AbstractMiscellaneous electric loads (MELs) research dates back over thirty years, with the earliest publications on MELs originating in the late 1980s. As the number and types of MELs grew over the subsequent decades, so did the body of minimum energy performance standards (MEPS) and regulations put in place to control what is now an ever-growing source of energy consumption in the residential and commercial sectors. In particular, these MEPS are designed to control off-mode, standby, and connected standby power consumption to prevent energy waste. Research on MELs focuses a great deal on analyzing the characteristics of MELs, approaches for measuring their consumption, and at a higher level what constitutes a MEL. Despite these advances, there has yet to be a comparison of different approaches across regulatory bodies of MELs – both between and within countries – to identify similarities, gaps, and opportunities for crafting common language and testing procedures. This study provides an international analysis of MELs-related voluntary and mandatory MEPS across 12 economies to address this gap. The analysis demonstrates that even while economies may participate in shared commitments to regulated MELs energy consumption, there remains no common language for framing MELs, nor is there a shared understanding of updating aging test procedures used globally for verifying MELs-related MEPS.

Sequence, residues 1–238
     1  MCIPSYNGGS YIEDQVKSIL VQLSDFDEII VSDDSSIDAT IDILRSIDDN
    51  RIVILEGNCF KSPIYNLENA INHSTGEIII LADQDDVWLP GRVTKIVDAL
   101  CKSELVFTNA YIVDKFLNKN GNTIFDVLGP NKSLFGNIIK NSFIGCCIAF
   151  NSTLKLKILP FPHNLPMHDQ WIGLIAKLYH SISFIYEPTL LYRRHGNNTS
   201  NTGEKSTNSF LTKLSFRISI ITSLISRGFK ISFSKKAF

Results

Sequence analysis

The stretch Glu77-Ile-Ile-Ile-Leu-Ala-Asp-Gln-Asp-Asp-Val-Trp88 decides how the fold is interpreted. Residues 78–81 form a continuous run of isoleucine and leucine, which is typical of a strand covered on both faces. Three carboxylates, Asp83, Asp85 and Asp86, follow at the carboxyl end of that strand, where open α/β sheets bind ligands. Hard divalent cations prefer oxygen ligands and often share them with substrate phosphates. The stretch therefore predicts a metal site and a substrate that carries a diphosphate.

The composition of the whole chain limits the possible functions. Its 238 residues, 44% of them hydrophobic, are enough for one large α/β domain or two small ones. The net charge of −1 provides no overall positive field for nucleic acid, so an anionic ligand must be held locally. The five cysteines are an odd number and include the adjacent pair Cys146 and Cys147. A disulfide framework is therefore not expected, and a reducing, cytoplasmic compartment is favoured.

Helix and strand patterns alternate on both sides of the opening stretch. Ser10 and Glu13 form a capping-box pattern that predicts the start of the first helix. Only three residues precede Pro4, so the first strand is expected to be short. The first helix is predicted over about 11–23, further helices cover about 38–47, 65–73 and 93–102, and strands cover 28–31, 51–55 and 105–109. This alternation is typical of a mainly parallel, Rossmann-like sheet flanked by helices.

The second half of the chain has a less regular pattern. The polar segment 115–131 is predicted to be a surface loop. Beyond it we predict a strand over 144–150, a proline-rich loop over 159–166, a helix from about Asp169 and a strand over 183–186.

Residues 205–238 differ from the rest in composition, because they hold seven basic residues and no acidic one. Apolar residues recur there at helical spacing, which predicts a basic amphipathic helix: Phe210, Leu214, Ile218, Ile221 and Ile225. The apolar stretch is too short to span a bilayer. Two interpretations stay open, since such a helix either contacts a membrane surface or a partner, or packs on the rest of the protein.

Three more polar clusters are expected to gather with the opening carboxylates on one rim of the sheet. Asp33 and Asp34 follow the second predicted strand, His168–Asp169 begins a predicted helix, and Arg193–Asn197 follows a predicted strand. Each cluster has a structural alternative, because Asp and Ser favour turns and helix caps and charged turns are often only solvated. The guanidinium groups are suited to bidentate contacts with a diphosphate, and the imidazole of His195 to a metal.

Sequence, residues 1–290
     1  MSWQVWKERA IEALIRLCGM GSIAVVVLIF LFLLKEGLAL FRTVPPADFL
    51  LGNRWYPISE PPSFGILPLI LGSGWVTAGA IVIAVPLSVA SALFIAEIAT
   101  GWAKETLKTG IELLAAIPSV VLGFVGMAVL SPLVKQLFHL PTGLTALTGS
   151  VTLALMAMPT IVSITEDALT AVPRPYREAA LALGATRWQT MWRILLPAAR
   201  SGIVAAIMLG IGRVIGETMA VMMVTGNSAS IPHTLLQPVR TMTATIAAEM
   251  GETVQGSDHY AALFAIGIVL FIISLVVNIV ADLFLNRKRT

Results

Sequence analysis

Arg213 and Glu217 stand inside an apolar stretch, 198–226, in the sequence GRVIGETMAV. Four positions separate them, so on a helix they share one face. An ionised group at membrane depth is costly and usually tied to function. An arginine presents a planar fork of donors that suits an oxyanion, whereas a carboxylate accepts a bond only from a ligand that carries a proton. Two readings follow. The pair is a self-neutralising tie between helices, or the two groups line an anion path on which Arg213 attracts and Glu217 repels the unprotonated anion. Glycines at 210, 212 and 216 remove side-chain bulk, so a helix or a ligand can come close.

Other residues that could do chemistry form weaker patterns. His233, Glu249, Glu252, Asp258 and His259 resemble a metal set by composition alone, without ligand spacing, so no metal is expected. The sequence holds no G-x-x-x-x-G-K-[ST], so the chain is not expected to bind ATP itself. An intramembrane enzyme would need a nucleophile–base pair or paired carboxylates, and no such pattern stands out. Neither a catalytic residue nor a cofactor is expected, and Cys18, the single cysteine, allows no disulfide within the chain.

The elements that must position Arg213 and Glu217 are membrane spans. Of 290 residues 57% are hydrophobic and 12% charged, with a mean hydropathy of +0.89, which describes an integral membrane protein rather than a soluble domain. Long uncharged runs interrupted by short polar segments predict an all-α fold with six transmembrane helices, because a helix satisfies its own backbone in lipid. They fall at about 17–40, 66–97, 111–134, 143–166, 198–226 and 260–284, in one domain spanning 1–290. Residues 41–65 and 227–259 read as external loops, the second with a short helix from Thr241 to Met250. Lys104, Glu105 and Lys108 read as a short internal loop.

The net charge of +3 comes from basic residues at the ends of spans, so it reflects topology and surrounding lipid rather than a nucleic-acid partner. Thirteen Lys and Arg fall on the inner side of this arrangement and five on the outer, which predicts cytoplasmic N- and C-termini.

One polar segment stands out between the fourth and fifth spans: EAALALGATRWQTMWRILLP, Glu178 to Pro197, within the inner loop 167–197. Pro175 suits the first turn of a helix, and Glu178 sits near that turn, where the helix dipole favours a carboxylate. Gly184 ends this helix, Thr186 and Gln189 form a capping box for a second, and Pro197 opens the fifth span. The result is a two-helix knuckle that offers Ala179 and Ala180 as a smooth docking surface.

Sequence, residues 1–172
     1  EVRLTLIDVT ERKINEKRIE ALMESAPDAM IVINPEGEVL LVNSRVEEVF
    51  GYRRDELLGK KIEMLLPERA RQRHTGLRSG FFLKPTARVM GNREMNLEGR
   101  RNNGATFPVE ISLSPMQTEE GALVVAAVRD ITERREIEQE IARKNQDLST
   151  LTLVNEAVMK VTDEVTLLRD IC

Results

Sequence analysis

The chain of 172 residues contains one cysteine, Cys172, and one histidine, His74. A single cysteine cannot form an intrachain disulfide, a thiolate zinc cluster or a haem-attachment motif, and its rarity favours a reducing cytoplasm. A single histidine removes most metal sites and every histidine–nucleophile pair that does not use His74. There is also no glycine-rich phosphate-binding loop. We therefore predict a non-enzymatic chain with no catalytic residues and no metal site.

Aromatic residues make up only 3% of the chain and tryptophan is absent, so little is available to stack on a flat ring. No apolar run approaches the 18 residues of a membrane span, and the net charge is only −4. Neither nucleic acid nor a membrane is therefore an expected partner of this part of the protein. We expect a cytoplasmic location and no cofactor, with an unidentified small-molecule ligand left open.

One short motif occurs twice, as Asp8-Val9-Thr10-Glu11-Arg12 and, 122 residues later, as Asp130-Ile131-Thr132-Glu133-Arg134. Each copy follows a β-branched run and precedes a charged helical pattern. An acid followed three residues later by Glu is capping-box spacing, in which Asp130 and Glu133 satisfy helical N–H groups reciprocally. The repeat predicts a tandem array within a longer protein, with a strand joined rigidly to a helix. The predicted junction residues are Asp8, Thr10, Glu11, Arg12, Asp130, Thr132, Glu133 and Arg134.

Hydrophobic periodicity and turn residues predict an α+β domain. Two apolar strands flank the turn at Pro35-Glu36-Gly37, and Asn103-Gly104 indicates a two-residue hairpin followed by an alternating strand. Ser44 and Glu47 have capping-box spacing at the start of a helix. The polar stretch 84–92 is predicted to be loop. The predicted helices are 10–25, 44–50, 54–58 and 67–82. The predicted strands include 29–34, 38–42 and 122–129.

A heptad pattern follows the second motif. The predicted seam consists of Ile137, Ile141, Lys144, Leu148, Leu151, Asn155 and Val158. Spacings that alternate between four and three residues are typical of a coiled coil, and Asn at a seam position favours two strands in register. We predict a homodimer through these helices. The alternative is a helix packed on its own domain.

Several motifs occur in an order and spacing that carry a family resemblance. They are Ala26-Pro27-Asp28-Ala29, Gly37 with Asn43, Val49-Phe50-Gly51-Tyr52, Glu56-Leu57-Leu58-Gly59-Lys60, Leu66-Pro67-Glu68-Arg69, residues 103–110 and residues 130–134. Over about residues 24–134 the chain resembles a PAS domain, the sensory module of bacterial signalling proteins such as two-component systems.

Published: January 13, 2023